26 March 2017

Enforcing Patents on Processes for Producing Biologics – Easier Said Than Done?

Seeking answersA biological medicine, or biologic, is a medicine that contains one or more active substances made by a biological process or derived from a biological source.  Compared to conventional pharmaceuticals, which are made by chemical synthesis using different organic and/or inorganic compounds, biologics are generally much larger molecules that are derived from the living cells of micro-organisms or animals by utilizing the metabolic processes of the organisms themselves.  In many cases, cells are genetically engineered, using recombinant DNA technology, to co-opt their expression capabilities and turn them into tiny ‘factories’ for producing the desired biologic molecules.  The first such substance to be approved for therapeutic use was synthetic ‘human’ insulin, developed by Genentech and first marketed by Ely Lilly in 1982.  Since then, biologics have become increasingly important, and hundreds of biologic medicines are now in use, including therapeutic proteins, DNA vaccines, monoclonal antibodies, and fusion proteins.

The chemical structures of traditional ‘small molecule’ pharmaceuticals are usually well-defined.  Biologics, on the other hand, are often difficult, and sometimes impossible, to characterise structurally due to their size and complexity.  In many cases, some components of a finished biologic may be unknown.  Protecting biologics with patents can therefore be challenging, given the potential difficulty in claiming the active biologic molecule in terms that are sufficiently precise to meet legal requirements for the invention to be clearly defined, while also being broad enough to encompass variations that may have the same therapeutic properties, and satisfying the tests for novelty, inventive step and subject-matter eligibility.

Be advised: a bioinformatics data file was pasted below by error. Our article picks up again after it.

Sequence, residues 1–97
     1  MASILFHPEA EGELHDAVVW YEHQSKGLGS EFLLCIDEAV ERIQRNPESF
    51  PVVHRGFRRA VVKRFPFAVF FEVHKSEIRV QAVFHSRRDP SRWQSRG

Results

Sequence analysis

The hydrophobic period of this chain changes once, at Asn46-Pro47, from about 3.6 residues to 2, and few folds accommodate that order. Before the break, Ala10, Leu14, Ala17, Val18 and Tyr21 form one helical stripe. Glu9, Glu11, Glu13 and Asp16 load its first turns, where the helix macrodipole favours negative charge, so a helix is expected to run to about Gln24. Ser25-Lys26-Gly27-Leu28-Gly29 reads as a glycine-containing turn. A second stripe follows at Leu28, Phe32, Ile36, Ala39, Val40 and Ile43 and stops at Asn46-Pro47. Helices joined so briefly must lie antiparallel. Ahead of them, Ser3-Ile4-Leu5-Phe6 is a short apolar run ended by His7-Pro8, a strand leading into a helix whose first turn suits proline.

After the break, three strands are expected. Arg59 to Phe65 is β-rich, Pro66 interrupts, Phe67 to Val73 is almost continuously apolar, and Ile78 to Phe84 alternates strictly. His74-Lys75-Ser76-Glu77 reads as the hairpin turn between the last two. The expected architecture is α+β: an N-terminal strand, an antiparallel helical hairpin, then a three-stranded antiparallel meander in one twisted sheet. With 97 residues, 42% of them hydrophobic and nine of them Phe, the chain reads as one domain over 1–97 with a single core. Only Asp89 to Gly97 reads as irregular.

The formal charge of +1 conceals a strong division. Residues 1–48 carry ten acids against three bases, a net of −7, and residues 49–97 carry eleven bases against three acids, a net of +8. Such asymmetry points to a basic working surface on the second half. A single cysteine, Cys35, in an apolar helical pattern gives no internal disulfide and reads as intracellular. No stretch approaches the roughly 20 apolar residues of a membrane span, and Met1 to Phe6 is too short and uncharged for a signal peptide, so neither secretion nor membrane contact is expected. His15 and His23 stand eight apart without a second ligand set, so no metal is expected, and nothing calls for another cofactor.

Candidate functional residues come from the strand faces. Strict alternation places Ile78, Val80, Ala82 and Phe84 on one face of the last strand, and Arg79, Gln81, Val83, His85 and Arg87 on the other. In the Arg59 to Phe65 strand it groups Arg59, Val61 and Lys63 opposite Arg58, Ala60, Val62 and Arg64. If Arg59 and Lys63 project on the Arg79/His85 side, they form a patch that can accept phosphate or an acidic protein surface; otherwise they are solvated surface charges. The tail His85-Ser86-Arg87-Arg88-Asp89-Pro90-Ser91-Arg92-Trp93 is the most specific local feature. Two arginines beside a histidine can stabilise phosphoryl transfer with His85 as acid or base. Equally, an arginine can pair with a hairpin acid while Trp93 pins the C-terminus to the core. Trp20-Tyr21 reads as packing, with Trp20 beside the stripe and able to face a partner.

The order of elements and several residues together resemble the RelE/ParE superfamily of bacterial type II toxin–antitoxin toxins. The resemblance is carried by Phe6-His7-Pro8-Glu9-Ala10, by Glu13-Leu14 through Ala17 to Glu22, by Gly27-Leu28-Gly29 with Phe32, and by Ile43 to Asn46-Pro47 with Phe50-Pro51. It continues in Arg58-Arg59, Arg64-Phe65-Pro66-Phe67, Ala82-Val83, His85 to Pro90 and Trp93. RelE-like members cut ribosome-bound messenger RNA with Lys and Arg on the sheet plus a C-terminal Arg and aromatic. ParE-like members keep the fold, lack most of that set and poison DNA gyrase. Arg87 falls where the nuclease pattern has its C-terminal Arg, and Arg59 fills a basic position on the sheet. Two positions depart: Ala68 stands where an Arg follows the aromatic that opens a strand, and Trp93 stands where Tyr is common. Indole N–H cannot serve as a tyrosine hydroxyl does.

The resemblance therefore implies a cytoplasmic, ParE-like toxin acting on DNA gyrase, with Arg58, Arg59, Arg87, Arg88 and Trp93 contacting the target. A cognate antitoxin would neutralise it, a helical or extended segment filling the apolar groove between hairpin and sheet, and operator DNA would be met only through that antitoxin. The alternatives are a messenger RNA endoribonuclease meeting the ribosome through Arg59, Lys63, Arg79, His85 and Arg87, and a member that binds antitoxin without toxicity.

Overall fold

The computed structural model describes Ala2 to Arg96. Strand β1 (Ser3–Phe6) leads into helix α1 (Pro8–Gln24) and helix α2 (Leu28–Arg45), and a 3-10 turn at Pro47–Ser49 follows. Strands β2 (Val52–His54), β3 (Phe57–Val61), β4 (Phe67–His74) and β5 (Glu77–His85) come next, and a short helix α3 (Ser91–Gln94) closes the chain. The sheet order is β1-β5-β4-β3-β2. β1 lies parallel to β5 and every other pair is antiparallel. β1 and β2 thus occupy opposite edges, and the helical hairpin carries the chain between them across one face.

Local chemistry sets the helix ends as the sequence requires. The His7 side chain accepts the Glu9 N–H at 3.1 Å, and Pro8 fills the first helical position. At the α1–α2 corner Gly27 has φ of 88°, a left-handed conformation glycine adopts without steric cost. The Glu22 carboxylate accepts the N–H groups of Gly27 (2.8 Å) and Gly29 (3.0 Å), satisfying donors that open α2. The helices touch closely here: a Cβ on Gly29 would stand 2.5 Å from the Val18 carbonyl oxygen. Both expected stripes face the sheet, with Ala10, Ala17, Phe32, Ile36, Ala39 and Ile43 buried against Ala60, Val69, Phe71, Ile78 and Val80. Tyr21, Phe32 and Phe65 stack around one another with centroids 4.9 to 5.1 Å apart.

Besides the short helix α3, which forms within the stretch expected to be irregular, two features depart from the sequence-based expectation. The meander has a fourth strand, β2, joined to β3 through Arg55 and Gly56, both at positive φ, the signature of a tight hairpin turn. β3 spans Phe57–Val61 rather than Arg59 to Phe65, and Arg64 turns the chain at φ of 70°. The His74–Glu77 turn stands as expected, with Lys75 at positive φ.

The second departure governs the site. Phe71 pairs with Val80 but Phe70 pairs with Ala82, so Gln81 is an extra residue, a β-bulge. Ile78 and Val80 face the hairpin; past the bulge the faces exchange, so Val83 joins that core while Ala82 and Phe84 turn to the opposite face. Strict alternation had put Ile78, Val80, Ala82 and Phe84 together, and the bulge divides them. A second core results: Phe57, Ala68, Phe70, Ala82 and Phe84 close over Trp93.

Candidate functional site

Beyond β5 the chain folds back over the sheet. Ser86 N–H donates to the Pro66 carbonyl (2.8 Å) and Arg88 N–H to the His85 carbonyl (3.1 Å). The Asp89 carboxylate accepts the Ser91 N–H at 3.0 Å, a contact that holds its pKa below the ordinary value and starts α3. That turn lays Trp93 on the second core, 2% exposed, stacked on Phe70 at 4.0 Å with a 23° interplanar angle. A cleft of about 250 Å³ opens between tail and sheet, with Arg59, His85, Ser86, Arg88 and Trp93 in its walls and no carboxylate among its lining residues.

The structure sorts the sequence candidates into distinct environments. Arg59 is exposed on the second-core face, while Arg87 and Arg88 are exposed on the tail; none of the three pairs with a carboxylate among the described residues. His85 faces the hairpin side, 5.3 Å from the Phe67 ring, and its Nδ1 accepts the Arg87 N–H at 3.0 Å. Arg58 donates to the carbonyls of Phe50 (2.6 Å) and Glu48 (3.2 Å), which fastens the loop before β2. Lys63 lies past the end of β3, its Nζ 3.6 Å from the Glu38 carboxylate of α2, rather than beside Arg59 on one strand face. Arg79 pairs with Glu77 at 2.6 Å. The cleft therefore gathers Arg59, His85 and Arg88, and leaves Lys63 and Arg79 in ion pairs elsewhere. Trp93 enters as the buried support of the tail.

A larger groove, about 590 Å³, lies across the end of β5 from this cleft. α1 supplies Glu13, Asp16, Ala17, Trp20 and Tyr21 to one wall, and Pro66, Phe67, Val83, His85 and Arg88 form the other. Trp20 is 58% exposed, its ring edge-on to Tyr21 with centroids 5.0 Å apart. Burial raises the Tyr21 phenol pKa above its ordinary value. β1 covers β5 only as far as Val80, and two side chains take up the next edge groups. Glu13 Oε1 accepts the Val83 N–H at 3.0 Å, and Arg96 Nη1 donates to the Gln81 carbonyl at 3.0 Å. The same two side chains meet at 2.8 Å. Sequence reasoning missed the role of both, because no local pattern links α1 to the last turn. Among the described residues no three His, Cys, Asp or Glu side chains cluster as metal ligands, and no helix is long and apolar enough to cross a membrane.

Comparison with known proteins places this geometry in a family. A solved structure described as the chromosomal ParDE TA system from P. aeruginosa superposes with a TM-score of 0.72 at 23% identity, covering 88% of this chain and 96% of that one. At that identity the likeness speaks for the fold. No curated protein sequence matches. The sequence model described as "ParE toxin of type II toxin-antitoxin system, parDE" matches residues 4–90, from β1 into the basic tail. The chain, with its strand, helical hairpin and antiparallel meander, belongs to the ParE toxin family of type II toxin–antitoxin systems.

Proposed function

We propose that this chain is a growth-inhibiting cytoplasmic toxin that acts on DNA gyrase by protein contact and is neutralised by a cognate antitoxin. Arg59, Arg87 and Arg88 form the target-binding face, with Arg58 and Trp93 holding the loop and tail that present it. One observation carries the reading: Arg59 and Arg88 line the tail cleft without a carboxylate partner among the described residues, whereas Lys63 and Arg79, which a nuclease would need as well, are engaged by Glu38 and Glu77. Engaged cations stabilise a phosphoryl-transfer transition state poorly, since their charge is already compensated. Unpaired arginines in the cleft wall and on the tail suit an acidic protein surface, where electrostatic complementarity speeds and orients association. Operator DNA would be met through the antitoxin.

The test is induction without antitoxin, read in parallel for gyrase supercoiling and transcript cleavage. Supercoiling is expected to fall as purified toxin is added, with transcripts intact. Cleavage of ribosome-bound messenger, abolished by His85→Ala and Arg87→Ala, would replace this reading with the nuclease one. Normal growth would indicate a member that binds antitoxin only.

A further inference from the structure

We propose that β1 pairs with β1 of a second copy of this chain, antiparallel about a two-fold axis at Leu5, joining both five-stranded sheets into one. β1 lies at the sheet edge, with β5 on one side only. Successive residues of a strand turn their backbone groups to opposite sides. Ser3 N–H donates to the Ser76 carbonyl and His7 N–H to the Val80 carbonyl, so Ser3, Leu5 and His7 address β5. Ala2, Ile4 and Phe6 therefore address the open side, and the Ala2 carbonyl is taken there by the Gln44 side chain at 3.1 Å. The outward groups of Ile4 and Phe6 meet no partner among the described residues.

The complexity of biologics also means that they are more difficult to produce than small molecule pharmaceuticals.  Minor differences in the production process, raw materials, temperature, pH, or cell line can result in a significant alteration in a medicine’s quality, efficacy, or safety.  While this creates challenges in manufacturing and quality control, it also creates opportunities for the protection of intellectual property, by securing patents on methods of producing biologic medicines either in place of, or in addition to, trying to claim the active molecules themselves in some form.

Process claims are all very well if the patentee can established that a suspected infringer is using the patented method of production.  But what happens when the suspect company keeps its manufacturing processes secret, as indeed is most commonly the case?  Well, then the patentee may need to convince a judge to issue an order for preliminary discovery, compelling the accused infringer to disclose relevant information about its processes.

This is exactly what Pfizer recently sought to do in preparation for possible patent litigation against Samsung Bioepis AU (‘SBA’) in relation to Pfizer’s product ENBREL (active ingredient etanercept), which is a biological medicine used in the treatment of autoimmune diseases such as rheumatoid arthritis, juvenile rheumatoid arthritis and psoriatic arthritis.  Unfortunately for Pfizer, Justice Stephen Burley has denied its application for discovery, ruling its evidence insufficient to establish a ‘reasonable belief’, as opposed to a ‘mere suspicion’, that SBA is infringing its patents relating to a process for producing etanercept: Pfizer Ireland Pharmaceuticals v Samsung Bioepis AU Pty Ltd [2017] FCA 285.

19 March 2017

Revisiting Official ‘Advice’ on Engaging Patent Attorneys

FeedbackLast month I presented an analysis of the fate of Australian patent applications filed by self-represented applicants.  It was not pretty.  I found that for Australian patent applications made by small self-filers, at least 90% of all provisional applications, 77% of all standard patent applications and 95% of all innovation patent applications ultimately result in absolutely no enforceable rights whatsoever.